Lego Mosaic


Parts List

  • A Photo, drawing or idea
  • Lego lots of
  • more Lego
  • Time

Step One – convince the NLSO (Non Lego significant other)

I’d wanted to make a Lego mosaic for some time, but lacked suitable Inspiration. Nine months later and inspiration hit in the form of my new born daughter, Ffion Carys.

When Ffion was about 4 months old, I started the mosaic. It took a while to convince Lou (my fiancée) that this was a good idea and worth the money. She was up for a mosaic, but only a small one, I wanted a big one (don’t we all?). Anyway the 2 images to the right convinced her, one is a single Lego baseboard (48*48) the other is 4 baseboards (96*96).

I found a suitable picture of Ffion that my brother had taken when she was about 3 months old, a bit of tweaking was needed, just to straighten it up a bit.

I reduced the image to 90 *90 pixels (giving me a 3 pixel border) and reduced the colours to a close approximation of the Lego bricks I was planning on using ( Black, Drk Grey, Light Grey and white).

So far so good, once I had the image at the right size and colour, I used a program called Bricksaic to generate the plans. Bricksaic does a lot more than just generate the plans. It can do all the parts I did in photoshop, but I preferred to have the extra control over the image.

The Plans also gave me a piece count. About 8000. ouch!

This is the point at which I made a mistake, I generated the plans without the border on, so all my plans were shifted 6 studs up and left. I wouldn’t find this out till some time later when I had the parts and the plans printed.

Step Two

I needed baseboards, 1×1 studs and border pieces, that all came to 8500+ pieces, now if each piece was a penny it’d be a lot of cash, most bits were more than a penny (all of them in fact). The hardest part of selling this to Lou was cost, I predicted it’d be about £150. After agreeing to pay for it from my personal dev fund I was on the hunt for the parts. Baseboards came from a local toyshop and, a reasonable price compared to toys r us. I’m down about £30 already, ouch.

Next up is the the smaller quantities of 1×1 studs, black, white and dark grey, about 1/3 of the total piece count. As the base plates are light grey, I could get away with not buying the 5000 light grey bits for a while.

Sourcing enough white parts in the UK was difficult, it required 3 orders from 3 people. All the bricks were bought from bricklink, a sort of Lego eBay.

The first stage of construction was quite easy, taking an evening and a day to do.

Early photos looked great, some people (Lou) would have left it like this, but the seams between the baseboards annoyed me. Back to brick link and £90 of light grey plates, some 2×2 plates for bracing and 2×2 black bricks for the border. Mistake number 2, changing my mind to have a smaller border. My rough estimation said I’d have enough 1×1′s to finish, more on that later. Receiving the 5000 light grey bricks in the post made me feel like some sort of plastic drug smuggler. This lot cost about £90.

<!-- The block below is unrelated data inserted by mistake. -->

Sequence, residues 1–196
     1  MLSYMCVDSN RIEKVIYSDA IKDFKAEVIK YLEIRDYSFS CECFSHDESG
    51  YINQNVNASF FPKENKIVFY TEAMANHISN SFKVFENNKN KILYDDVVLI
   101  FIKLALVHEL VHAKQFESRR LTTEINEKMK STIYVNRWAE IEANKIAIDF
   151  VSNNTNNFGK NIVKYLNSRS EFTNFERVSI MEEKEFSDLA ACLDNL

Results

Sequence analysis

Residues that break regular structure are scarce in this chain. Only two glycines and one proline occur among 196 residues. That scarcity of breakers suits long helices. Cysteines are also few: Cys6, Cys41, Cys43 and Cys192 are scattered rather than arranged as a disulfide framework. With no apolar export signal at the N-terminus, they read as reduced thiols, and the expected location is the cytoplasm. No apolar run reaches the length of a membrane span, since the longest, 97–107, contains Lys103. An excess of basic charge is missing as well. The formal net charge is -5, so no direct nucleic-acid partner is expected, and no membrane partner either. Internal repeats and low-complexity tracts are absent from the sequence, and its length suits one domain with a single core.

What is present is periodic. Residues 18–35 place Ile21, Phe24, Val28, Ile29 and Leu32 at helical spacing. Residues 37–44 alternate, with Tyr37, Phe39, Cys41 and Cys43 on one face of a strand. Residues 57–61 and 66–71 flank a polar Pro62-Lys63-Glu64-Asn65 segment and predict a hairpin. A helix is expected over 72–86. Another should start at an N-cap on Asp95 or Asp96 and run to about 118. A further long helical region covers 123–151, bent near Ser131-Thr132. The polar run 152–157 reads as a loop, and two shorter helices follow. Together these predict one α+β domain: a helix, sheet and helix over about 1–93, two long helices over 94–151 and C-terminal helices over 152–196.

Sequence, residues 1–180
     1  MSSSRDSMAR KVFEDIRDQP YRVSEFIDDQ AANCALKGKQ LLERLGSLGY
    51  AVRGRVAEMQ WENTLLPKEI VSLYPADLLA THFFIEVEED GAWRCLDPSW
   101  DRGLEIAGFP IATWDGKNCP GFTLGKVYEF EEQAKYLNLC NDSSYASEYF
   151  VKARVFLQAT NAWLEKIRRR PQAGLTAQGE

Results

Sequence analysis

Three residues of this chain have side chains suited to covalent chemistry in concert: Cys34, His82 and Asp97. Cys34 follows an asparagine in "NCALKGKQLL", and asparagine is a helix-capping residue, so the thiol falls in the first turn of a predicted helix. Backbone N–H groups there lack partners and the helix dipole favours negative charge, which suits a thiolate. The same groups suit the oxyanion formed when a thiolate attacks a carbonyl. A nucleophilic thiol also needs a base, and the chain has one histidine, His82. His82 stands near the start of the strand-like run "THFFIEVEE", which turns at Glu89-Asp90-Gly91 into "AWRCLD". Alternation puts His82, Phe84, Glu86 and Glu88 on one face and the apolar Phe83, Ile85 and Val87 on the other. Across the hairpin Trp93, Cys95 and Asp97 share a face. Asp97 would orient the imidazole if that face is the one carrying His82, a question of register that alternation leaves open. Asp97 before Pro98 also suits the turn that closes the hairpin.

Lego mosaic

Lego mosaic

Step Three

Clicking 5000 bricks into place is boring, bloody boring, no two ways about it. This stage took ages, early on in the project i decided to have all the studs orientated the same way, so the word ‘Lego’ was the right way up on each of them, not doing that again!

This stage took a while, it’d lost a bit of motivation, we’d had the christening and all sorts of little things kept me from carrying on. I eventually sat down and attacked the remaining bits in a bout a week and a half of evenings.

It’d left the middle 2 columns and rows till the end so I could place the 2×2 plates to help join the mosaic together. This is where I learnt my calculations were wrong. I didn’t have enough light grey, worse still it wasn’t a lot, being 100 short would have been ok, but I was 20 short, 20 when I’d ordered 5000!!

I decided to carry on and order the extra bits later. I was determined to mount the mosaic while Lou was in Wales. I’d bought a sheet of 6mm mdf, it was 4ftx2ft, I cut it to 2.5ft x 2ft and planned to let the bottom 6 inches hang free. I was using carpet tape and hot glue to attach the base plates to the mdf. I left it flat for a few days to allow everything to set, I was quite nervous at this point, but every thing had gone well and it was all very secure. Two eyelets were screwed in each side and picture wire was used to hang the mosaic on 2 screws me and my brother had put in the wall. The mosaic was finished (apart from those 20 bloody pieces!!).

Update: the mosaic is still up, and the glue still holding. Woo!

Lego mosaic

Lego mosaic

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